Book Bits: 7 January 2023

The Market Power of Technology: Understanding the Second Gilded Age
Mordecai Kurz
Summary via publisher (Columbia U. Press)
Kurz demonstrates that technological market power tends to rise, increasing inequality of income and wealth. Unchecked inequality threatens the foundations of democracy: public policy is the only counterbalancing force that can restrain corporate power, attain more egalitarian distribution of wealth, and make democracy compatible with capitalism. Presenting a new paradigm for understanding today’s vast inequalities, this book offers detailed proposals to redress them by restricting corporate mergers and acquisitions, reforming patent law, improving the balance of power in the labor market, increasing taxation, promoting upward mobility, and stabilizing the middle class.

As Gods: A Moral History of the Genetic Age
Matthew Cobb
with author via
Q: The accusation one often hears is that scientists who work in genetic engineering and related fields are “playing God.” I know it’s hard to generalize, but have scientists done enough to be transparent about their research, and to keep the potential consequences in mind?
A: Yes and no. Overwhelmingly, yes, I think. That is, the scientists, the geneticists, have, from that period in the early ’70s, recognized that there are dangers in what they’re doing. And, at the very least, they need to ensure that anything that they do, if it does turn out to have unintended consequences, that it stays in the lab and can’t get out and can’t infect anybody, or can’t infect any other organisms.

A Random Walk Down Wall Street: The Best Investment Guide That Money Can Buy
Burton G. Malkiel
Q&A with author via CNBC
This week, Princeton professor Burton Malkiel has published the updated, 50th anniversary edition of A Random Walk Down Wall Street: the Best Investment Guide that Money Can Buy. More than any other book, it popularized the idea of indexing as an investment strategy and why you can’t beat the market.
Q You recommended index funds 50 years ago even before index funds existed. Do you still believe that and what is the evidence?
A: I believe even more strongly than ever that index investing is an optimal strategy and that index funds should constitute the core of everyone’s portfolio. Standard & Poor’s publishes annual reports showing how actively managed funds compare with index funds. Each year about two-thirds of active managers underperform an index fund. And the one third who outperform in one year tend not to be the same as the one-third who outperform in the next. When you measure performance over a decade or more, 90 percent of active managers are outperformed by a broad-based index fund. On average, active managers underperform the market by about one percent per year.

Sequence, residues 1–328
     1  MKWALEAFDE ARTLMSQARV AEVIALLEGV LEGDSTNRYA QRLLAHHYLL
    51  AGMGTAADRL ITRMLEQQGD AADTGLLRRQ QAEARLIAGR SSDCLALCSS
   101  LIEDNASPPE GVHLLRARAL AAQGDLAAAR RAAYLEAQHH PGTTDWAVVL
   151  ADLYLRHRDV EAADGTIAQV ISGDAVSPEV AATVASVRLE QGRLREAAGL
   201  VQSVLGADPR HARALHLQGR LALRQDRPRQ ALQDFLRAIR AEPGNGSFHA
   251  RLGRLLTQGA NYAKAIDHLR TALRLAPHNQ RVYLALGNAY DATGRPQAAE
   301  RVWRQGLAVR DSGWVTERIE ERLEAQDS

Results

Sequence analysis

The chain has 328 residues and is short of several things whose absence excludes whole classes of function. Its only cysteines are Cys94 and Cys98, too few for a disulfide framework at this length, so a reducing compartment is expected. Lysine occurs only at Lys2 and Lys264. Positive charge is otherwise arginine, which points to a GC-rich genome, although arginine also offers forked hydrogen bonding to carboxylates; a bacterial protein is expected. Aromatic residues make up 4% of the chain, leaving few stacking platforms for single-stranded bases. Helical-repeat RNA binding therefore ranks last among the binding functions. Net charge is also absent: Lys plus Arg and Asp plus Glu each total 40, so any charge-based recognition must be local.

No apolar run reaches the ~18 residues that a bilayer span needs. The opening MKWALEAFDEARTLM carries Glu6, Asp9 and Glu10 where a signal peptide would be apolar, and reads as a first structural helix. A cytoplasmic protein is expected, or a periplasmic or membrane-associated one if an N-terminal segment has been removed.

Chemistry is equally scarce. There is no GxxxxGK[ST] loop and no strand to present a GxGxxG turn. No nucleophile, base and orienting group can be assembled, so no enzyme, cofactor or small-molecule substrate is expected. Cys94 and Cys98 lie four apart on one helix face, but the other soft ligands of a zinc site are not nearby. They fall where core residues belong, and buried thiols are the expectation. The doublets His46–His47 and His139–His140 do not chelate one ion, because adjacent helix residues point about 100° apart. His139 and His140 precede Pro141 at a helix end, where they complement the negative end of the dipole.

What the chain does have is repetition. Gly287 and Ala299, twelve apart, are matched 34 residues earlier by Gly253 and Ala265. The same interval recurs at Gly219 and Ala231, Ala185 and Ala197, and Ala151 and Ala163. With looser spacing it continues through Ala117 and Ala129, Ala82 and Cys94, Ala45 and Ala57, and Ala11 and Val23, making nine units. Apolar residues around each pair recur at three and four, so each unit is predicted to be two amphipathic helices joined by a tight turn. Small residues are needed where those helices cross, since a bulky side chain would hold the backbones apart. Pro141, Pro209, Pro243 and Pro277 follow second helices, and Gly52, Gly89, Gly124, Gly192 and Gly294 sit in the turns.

Fighting Better: Constructive Conflicts in America
Louis Kriesberg
Summary via publisher (Oxford U. Press)
This original and wide-ranging book examines how conflicts may have been more or less constructively conducted and affected the changing class, status, and power inequality in America since 1945. Initially, it assesses how some conflicts destructively contributed to increasing class inequality, with its many unfortunate consequences. It also assesses other conflicts that contributed or might have contributed constructively to fostering less class inequality. The book then examines conflicts that contributed to some increases in status equality, notably of African Americans and women. Finally, it goes on to analyze many specific conflicts that yielded varied and uneven changes in power inequality for different kinds of people. This book indicates how the destructively conducted conflicts contributed to the many contemporary antagonistic divisions currently threatening US democracy.

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